“I think I slept,” I said. My voice filled the room, floated above us, and stuck to the ceiling. I was still poking my eyelid.
It was, by any stretch, a successful night. We had eaten at four of the best restaurants in the city and had been treated like minor celebrities, all by accident. When the hangover subsided, I would write a magnificent review that weaved together commentary on food, new media, masculinity, loneliness, language, and the appeal of Chicago in Spring. For now, there was only the pain. Pain that sharpened the room and muted everything else. But pain that would make for a fantastic introduction, later.
I sat in the cab on the Dan Ryan Expressway, flipping my black notebook. My last legible entry was at 11 PM. “Spaulding Gray is way better than Dickens.” After that my script morphs at an accelerating rate into horrifying alien scrawls from which I could pick out only occasional words, punctuation marks, possibly a salsa stain. Nothing was usable. It looked like Cy Twombly or a three year old or an Alzheimer’s patient had gotten to my right hand. There were spirals and something that looked like a deranged smiley face.
Worse news awaited, as it always does, in the litany of my phone’s misbehaviors. I had called a writer from The Atlantic—whose number I had thanks to my participation in a creative writing class at a University where he was a visiting professor—twice. Once at midnight to tell him how great the piece was going to be, and then again at 12:14 to apologize for calling.
Just to cap it off, I had apparently called my parents at 3 AM (an hour later on the East Coast). A distant echo of my father’s voice padded off my memory. The mucosy sound of his sleep-addled voice. Some gauzy, nasal declaration, uttered from the depths of middle-aged sleep, which is already haunted by the idea of late-night phone calls.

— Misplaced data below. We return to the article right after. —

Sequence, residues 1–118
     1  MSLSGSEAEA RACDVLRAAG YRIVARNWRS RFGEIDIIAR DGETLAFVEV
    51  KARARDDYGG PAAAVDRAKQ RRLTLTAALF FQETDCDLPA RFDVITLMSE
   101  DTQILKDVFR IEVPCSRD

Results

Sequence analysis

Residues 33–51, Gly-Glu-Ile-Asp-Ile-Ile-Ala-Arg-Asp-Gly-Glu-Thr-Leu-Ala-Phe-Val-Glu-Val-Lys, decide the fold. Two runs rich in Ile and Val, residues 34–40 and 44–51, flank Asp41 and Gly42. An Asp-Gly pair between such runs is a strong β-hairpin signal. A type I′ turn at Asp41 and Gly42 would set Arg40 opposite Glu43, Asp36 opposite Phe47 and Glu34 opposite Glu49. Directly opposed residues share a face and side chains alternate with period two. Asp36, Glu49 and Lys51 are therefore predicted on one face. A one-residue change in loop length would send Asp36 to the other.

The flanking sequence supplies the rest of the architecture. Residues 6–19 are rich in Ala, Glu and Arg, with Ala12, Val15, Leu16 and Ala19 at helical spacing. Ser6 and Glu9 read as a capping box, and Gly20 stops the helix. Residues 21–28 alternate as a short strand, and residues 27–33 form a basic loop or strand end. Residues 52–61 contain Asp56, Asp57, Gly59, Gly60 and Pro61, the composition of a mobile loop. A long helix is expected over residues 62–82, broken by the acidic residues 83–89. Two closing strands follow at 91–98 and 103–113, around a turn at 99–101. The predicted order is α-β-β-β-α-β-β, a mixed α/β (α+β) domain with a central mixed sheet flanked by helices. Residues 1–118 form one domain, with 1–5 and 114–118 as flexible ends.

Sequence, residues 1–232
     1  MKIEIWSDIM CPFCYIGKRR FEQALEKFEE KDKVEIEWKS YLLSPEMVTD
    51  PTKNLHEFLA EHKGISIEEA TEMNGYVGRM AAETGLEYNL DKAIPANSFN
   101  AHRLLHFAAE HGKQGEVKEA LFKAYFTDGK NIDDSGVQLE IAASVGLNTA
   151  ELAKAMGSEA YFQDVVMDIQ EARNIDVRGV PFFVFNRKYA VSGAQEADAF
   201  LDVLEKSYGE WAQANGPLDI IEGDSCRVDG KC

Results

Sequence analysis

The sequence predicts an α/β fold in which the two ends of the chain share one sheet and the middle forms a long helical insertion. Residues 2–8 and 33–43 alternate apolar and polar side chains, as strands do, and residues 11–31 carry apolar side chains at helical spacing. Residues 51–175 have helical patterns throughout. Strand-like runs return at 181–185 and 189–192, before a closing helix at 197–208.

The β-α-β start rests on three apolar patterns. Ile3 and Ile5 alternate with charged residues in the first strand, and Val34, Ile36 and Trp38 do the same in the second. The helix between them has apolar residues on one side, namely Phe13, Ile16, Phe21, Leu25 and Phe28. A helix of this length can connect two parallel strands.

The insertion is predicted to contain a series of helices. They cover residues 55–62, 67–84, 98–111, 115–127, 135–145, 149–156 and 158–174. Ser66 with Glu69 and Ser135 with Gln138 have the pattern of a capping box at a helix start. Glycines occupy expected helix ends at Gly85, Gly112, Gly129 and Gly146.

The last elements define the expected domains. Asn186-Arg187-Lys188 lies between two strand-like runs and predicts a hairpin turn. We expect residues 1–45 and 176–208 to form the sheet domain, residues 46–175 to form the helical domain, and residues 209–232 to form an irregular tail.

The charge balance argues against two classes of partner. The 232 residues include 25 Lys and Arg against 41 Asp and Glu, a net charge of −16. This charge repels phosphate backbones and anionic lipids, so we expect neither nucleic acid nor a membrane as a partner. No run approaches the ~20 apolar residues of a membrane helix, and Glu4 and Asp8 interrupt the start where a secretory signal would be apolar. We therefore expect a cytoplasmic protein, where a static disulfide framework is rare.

And then, on the last page of my notebook, I could make out “we are the generation that calls our parents at 3 am. That’s what we are.” In what must have felt like a monumental expenditure of effort and concentration, I had managed to scribe out a single sentence in my post-evening glee or self-pity or disgust. In careful script, it was the dutiful message of parental love I had left for myself. I love my parents, and nothing more.
By some miracle of gastric muscle control, I didn’t throw up. All that headcheese and quail and expensive bourbon jostling around in me. I couldn’t possibly afford the clean-up fee, so I just opened the window and breathed in the offensively hot air. Nor did I think that I could survive the indignity of hurling. A panic started to grow up inside me and began to take the place of the pain.
I had to write something about the night. Had to begin putting the pieces together somehow. And the panic grew into remorse and regret. A missed opportunity.
But the remorse would become just another part of the hangover ritual. Like standing under the shower and letting the water drip around your open mouth. Like coffee. Like porn, penance, promises, and probably a fitful late-afternoon nap. I’d stare into the mirror and ask “What the fuck.” I’d call my ex-girlfriend and pretend I felt amazing and ask what she was up to “these days.”
And when the day spit me back out on the other side, I would be purified and then I would write.